What’s in a Potato?

by Brian Hioe

Photo Credit: Scott Bauer, USDA ARS/Public Domain

MINISTER OF EDUCATION Pan Wen-chung was questioned last month over Taiwanese education textbooks that used 土豆, the PRC word for “potato”, to describe the vegetable instead of the more commonly used 馬鈴薯. By contrast, 土豆 refers to “peanut” in a Taiwanese context.

The incident brings up a number of issues. For one, Taiwanese Mandarin and PRC Mandarin can substantially differ. Apart from the names of even common vegetables, many terms for modern technologies differ. In the past, there were concerns raised over that Taiwanese young people starting to use PRC terms such as 視頻 for videos instead of the more common 影片, due to using Douyin/TikTok, Xiaohongshu, or other Chinese platforms.

Such fears raise not only anxieties about the loss of cultural specificity because of influence China, but also the possibility that the consumption of Chinese media by young people, particularly members of Gen Z, could lead to their uncritically swallowing pro-China disinformation/misinformation. Otherwise, it is feared that despite being more social media-savvy, members of Gen Z that did not witness the political and economic rise of China in their lifetimes could develop idealized, rose-tinted views of China in a way that leads to political identification with China.

One notes that linguistic and cultural interchange is normal. It is hardly the first time in past decades that Chinese terms are adapted in Taiwan or, in fact, vice-versa, that China picks up on terms originally from Taiwan.

Ministry of Education. Photo credit: Foxy Who \(^∀^)//WikiCommons/CC BY-SA 3.0

Yet, to this extent, there is particular concern about the political views among young people that curricula and educational materials could engender. It is thought, for example, that the institution of more pro-Taiwan textbooks that focused more on Taiwanese history and culture rather than privileging Chinese dynastic history had a role in the pro-Taiwan views of the current generation of Taiwanese young people. This became an issue of significant enough contention in 2015 that high schoolers occupied the Ministry of Education for a week over attempts by the then-ruling Ma administration to remove these textbook changes.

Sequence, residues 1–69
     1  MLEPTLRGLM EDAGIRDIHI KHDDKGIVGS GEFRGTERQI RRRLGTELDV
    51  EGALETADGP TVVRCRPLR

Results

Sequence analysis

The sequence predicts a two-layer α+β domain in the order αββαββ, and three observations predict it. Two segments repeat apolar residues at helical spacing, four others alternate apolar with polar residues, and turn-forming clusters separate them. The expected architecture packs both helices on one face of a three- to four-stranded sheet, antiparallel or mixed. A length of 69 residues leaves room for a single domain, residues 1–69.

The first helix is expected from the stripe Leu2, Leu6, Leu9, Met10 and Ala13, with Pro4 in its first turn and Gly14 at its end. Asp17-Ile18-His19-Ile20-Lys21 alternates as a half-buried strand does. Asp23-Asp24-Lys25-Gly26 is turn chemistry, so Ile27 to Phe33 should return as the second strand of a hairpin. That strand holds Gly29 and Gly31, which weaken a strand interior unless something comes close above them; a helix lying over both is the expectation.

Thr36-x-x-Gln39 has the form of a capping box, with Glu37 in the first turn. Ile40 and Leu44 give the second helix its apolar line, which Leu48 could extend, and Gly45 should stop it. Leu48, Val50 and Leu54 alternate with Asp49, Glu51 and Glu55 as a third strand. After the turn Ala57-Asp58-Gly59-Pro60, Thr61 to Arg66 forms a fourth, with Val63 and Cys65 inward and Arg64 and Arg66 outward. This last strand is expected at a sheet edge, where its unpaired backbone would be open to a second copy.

The use of Chinese vocabulary in textbooks may raise political concerns, such as if the creators of textbooks are hoping to promote pro-China views. But cost-cutting leads to the outsourcing of the production of educational materials in a manner that sometimes is a race to the bottom. Companies may rely on outside editors or writers, even when this leads to errors. As such, this may be why errors in language find their way into textbooks.

Older individuals too, such as textbook writers, may be consuming a great deal of Chinese media in the form of television, movies, or news articles which leads to PRC Mandarin finding its way into textbooks, or elsewhere. For example, apart from controversies about vocabulary in textbooks, one has seen controversies in the past about the use of simplified characters, when this appears in street signs or in other public venues.

The controversial textbook in question was a biology textbook from the Kang Hsuan Educational Publishing Group, a Taiwanese company, for seventh graders. For its part, the company claims that it will correct its mistakes. But the issues that the incident raises do not end with merely textbooks.